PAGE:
I can understand your frustration that no one seems to recognize your invention. I make no comment about its viability or benefits but would just like to make some general comments about your position and reactions.

    In general, if you suggest something new:
    (1) No one will pay any intention to it
    (2) People will say it won't work, without justification
    (3) People will say it is a crazy idea
    (4) People will say that you are crazy
    (5) People will say it is no use because: it is against god's wishes, it will have a negative impact on global warming, it will not be able to make french fries.

    This is a fact of life (which is baffling), but fact it is. It is not due to a conspiracy or attacks on you personally, it happens because of human nature and dogma. But at least, these days, you are unlikely to be incarcerated, tortured, or burned to death for your ideas, in the developed countries anyway. If you read the history of most inventions you will see this clearly illustrated. I am too lazy to list examples of this but may do later when I wake up fully.

    I hate to say this, but you inserted your idea in Wikipedia, where I do a lot of writing and know the main rules. One of the most fundamental and important rules is that the Wikipedia content shall be factual and unbiased, specifically that original research is banned. So, to be blunt, your entry on Wikipedia was inappropriate in the extreme and was bound to be removed from the article main page (hope I didn't remove it):wideyed:. The same thing happens to many other people's entrys. All the same, your comments were left on the talk page. The deletion caused you some concern and now you are concerned about your reception on this thread; don't you notice a common factor here?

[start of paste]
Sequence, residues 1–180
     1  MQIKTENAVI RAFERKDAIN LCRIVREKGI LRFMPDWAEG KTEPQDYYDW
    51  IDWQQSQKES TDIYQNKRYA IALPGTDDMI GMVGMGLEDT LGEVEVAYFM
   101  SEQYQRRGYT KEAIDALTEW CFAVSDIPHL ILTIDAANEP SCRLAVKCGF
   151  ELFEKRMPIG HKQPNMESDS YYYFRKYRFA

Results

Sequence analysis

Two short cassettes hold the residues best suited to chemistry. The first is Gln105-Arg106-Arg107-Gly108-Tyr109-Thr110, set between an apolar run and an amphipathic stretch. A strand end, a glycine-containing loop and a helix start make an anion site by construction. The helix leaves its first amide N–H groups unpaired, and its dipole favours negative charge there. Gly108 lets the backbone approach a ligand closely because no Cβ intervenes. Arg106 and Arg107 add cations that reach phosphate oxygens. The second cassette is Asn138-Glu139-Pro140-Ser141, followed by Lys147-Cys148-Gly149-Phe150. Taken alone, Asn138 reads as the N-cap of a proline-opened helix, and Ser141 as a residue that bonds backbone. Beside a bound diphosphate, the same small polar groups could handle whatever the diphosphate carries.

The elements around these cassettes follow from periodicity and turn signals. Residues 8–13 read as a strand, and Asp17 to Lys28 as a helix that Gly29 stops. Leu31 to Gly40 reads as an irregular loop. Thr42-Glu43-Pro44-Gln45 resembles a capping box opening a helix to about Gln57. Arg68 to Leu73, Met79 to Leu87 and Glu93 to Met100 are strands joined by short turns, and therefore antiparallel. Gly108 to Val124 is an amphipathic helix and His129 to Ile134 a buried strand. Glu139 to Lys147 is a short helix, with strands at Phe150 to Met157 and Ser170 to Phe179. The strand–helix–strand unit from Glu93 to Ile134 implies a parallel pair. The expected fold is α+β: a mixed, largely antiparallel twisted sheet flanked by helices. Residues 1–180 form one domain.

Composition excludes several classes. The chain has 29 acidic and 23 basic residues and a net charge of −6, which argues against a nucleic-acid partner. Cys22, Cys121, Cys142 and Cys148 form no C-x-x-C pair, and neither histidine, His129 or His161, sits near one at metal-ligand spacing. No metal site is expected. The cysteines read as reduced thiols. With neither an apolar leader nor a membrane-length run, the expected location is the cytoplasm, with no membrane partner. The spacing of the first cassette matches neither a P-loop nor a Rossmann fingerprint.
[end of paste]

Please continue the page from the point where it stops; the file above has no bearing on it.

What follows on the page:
The other thing to understand is beliveability, not just facts. Take an example. Say you won £20M on the lottery but chose to maintain your current life-style, with just perhaps a few luxury items. If you met someone and told them that you were a millionaire- they would not believe you.

    May I suggest that you draw up a schematic of your circuit and post it here along with a full description so that we can all see your creation.

    spec
     
    Last edited: Jun 28, 2016
  15. Kerim

    Kerim Member

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    Hello Mark,

    I wasn't here since many weeks (I don't remember exactly). I thought I was not welcome here. Only today, I received a notification of your post.

    Since you are personally interested in this subject, it will be my pleasure to share my work with you.
    Sorry, but may I know in which field(s) your scientific background is?
    Are you an undergraduate or perhaps a professor in communications?

    Anyway, as you will see from the circuit I made for simulation on LTspice, the solution has just one simple added trick while the remaining PLL parts could be designed as always.

    I like to add that it happened to me as it happened to Archimedes when he shouted in the bathroom "I found it!... I found it!". I noticed this simple trick that I made unintentionally (due to the different fall and rise delays of a comparator) after trying, for about 5 months, many failed designs (topologies) at the lab. At that time, I was insisting that having two (symmetrical) sidebands should lead us to a simpler demodulator than having just one... based on human logic ;) And it was out of question, for me, to end up with a failure because it was I who suggested this project as an MS thesis when I was an undergraduate at the American University of Beirut. But I couldn't submit it on a document (and get the degree) for financial reason, so I preferred to take care, as soon as possible, of my private small business, in electronics; after all, a boss doesn't need a degree if he can have the satisfaction of his customers ;)